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Dr. Dawn Gulick, PhD, PT, ATC, CSCS, is a professor of physical therapy at Widener University in Chester, PA. She began her clinical career as an athletic trainer, before earning her master’s degree in physical therapy more than 30 years ago. Dr. Gulick has been a Widener faculty member for about 22 years and HawkGrips instructor for the past three years. In this Q & A article, she discusses her educational roles, extensive background with the U.S. Olympic and Paralympic teams, and how HawkGrips treatment has been implemented into the curriculum at Widener.

Widener University Dr. Dawn Gulick PhD PT ATC CSCS physical therapy professor HawkGrips IASTM

Dr. Dawn Gulick, PhD, PT, ATC, CSCS

What does your position at Widener entail?

I teach the orthopedic thread of the curriculum. So that basically includes our biomechanics course, three orthopedic classes and a sports medicine elective.

How did you first become familiar with HawkGrips?

I actually met [HawkGrips Founder & President] Frank Osborne at a national conference about six years ago. A mutual friend introduced us and it turned out we were pretty much neighbors, since HawkGrips and Widener are both located in suburban Philadelphia.

At the time, my familiarity with instrument assisted soft tissue mobilization (IASTM) was extremely limited. So learning more about HawkGrips helped me become more knowledgeable about IASTM in general. Part of that was through networking with Frank to meet local IASTM practitioners like Dr. Mark Butler, who works at NovaCare in New Jersey, and Dr. Michael Lehr at Lebanon Valley College in Annville, PA. Eventually I developed a strong enough grasp of the concepts and techniques to become an instructor for HawkGrips educational courses.

Do you maintain a clinical role outside Widener?

Yes that’s strongly encouraged as part of our academic role. So I work a little at a local outpatient facility and was a partner with Aqua Sport Physical Therapy for many years. But most of my clinical work has actually been with the U.S. Olympic and Paralympic teams.

At what point did you become involved with the U.S. Olympic and Paralympic teams?

I started working with some of the elite national teams in 1993. Then I got involved with the Paralympics in 1999 and began covering various Paralympic teams for training camps and tournaments, both domestically and internationally, including World Championships and Olympic Games.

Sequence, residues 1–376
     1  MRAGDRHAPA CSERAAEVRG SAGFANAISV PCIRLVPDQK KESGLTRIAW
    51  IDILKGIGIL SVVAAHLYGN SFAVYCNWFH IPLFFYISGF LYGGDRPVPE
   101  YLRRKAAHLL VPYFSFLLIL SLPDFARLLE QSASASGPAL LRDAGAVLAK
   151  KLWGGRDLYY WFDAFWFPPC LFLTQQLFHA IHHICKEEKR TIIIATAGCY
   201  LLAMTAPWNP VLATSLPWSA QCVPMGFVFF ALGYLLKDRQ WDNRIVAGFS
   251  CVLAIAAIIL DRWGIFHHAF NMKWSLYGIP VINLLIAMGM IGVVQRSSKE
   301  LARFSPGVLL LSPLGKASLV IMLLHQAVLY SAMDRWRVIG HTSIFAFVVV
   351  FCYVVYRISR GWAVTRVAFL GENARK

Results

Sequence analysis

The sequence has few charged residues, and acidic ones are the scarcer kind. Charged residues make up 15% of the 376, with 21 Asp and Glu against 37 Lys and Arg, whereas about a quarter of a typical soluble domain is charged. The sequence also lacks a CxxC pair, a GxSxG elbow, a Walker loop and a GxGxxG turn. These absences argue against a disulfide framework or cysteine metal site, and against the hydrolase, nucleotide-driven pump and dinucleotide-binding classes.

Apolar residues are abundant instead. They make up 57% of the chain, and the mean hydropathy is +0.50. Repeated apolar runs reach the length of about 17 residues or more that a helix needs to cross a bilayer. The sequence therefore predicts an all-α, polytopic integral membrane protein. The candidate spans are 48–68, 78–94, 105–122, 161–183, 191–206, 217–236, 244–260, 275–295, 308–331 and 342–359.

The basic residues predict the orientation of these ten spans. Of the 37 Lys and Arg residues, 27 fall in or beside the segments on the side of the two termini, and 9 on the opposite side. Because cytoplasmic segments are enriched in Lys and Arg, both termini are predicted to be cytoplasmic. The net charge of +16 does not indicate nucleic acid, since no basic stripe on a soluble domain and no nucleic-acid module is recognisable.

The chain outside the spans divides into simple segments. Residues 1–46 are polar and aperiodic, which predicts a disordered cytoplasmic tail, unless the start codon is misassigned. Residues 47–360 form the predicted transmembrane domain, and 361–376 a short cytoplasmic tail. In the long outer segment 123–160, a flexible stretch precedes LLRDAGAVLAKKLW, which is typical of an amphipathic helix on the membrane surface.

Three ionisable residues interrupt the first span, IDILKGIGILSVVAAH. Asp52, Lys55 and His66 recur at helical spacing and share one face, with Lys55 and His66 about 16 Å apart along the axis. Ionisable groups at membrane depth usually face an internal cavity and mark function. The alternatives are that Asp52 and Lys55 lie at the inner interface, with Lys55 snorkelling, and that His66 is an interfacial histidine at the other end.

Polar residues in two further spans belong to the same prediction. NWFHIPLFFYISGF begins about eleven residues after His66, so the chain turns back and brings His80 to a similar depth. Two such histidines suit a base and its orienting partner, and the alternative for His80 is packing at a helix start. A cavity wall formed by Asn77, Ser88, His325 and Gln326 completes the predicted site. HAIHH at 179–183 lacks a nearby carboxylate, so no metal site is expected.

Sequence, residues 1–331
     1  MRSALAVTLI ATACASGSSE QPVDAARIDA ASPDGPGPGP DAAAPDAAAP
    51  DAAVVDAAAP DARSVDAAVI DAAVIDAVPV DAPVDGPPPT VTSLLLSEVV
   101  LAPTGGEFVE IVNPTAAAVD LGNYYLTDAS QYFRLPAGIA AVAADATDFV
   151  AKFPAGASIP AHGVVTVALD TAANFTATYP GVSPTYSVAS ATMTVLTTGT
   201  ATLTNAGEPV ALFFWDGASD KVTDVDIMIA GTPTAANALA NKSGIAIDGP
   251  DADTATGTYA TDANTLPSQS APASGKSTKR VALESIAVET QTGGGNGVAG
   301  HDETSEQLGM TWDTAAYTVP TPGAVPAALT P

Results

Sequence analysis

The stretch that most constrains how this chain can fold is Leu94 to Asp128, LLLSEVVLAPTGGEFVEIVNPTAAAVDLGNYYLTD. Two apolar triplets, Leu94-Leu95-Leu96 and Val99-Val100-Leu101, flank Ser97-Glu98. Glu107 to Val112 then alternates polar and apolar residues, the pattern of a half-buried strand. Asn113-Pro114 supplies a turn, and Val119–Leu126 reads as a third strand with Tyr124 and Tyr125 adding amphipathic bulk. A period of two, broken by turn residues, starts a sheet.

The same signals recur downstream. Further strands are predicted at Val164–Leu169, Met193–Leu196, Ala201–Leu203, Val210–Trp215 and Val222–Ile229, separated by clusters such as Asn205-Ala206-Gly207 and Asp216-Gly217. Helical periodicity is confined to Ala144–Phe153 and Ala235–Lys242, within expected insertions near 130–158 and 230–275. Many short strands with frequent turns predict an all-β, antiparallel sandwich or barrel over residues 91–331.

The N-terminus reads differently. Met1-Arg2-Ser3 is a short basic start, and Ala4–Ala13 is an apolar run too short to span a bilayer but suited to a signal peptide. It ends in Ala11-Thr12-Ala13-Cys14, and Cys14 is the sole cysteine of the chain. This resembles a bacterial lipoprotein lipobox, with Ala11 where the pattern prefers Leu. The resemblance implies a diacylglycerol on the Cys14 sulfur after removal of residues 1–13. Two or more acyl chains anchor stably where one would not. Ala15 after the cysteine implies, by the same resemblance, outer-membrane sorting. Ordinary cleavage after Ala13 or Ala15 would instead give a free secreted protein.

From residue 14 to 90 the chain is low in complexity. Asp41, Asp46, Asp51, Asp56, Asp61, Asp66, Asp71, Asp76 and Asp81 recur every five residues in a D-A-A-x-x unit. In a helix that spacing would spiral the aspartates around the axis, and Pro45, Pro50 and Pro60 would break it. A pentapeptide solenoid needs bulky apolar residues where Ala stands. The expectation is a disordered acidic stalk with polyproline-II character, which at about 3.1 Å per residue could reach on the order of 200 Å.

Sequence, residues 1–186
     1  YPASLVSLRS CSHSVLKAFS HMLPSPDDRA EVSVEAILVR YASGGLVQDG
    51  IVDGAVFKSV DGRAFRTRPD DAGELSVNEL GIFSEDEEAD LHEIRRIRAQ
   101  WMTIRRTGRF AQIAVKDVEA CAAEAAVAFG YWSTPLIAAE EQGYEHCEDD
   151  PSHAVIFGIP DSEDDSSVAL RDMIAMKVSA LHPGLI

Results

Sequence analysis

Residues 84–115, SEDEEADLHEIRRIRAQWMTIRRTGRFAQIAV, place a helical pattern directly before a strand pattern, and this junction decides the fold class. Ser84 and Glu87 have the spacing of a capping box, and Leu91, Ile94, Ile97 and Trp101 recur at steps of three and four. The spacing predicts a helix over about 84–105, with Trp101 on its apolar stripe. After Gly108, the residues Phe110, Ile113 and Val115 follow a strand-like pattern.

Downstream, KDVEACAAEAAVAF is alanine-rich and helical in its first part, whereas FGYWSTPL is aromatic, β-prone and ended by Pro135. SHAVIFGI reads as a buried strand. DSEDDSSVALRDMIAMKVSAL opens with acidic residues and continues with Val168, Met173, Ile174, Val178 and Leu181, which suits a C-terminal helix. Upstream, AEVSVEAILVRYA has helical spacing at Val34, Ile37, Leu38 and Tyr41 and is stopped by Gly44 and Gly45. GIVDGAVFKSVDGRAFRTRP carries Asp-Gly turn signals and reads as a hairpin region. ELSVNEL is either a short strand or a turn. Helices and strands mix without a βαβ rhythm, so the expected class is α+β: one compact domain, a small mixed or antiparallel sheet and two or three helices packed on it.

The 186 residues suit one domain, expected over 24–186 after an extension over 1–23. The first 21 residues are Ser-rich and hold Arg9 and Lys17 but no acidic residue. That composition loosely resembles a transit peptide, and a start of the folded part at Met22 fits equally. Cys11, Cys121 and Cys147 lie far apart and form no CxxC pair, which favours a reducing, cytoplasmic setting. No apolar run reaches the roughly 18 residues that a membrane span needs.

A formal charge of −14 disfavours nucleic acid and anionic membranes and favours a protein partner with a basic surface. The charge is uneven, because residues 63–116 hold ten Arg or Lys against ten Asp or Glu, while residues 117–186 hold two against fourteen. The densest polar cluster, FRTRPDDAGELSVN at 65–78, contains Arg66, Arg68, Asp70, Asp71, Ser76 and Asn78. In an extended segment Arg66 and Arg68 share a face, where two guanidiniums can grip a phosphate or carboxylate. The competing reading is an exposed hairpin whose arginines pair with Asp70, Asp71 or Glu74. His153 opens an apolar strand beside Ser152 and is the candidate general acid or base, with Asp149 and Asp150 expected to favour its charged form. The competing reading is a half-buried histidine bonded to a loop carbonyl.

Which Olympic Games have you been to?

Pretty much every Summer Olympics since Atlanta in 1996, including the 2016 Olympics in Rio. I’ve worked with a number of elite international teams on the Olympic level, but most of my experience since the 2000 Games has been with the Paralympics. Specifically quad rugby, track & field, wheelchair tennis, and a sport called goalball for the visually impaired.

When you’ve worked with Olympic and Paralympic athletes, has it been as a team athletic trainer, physical therapist, or both?

Initially, the United States Olympic Committee only approved athletic trainers to travel with the national teams, but over time physical therapists have been granted permission as well. I’m certified as both and the two roles can be so intertwined when I’m with the teams, they’re almost indiscernible. I actually take a select number of HawkGrips instruments with me when I travel and have had athletes specifically ask to be treated with them.

As a clinician, why do you think the instruments are beneficial?

I’ve been a manual therapist for three decades now, and it’s no secret your hands take a beating in our profession. So I welcomed the opportunity to try the instruments, and there’s no doubt I feel a different sensation through them, something I honestly can’t always explain. But in realizing I could provide very effective treatment with the instruments and at the same time save my hands, it proved to be a win-win all around.

What kind of feedback do you get from patients about why they like HawkGrips and what they find effective about the treatment?

Some people feel it’s very helpful in releasing trigger points, while others say it increases their flexibility or decreases muscle tension. Sometimes we focus on freeing up surrounding tissue, and other times influencing the healing cycle by impacting the tissue alignment.

Can you talk about the “Scrape & Tape” educational course you helped launch as a HawkGrips instructor?

Certainly, that course originated as a partnership between HawkGrips and Dynamic Tape. It combines IASTM with therapeutic taping to maximize treatment effectiveness for certain conditions. As a rehabilitation specialist, I don’t think any of the treatments we do ever stand alone. There are always other treatments or exercises that complement them.

So you often look for that right combination, where the whole is greater than the sum of the parts. If you can influence the tissue and then help a person utilize those tissues in a more appropriate way, then that motion is strengthened and a passive treatment becomes a dynamic intervention.

In addition to “Scrape & Tape,” do you teach other HawkGrips courses?

Yes, I’ve taught a few others as part of the affiliation between HawkGrips and Patterson Medical, which is now Performance Health. In fact, just a few months ago I instructed a HawkGrips “Level I: IASTM Fundamentals” course, which doesn’t include a taping component. In my approximately three years as a HawkGrips instructor, I’ve probably taught six or seven courses overall.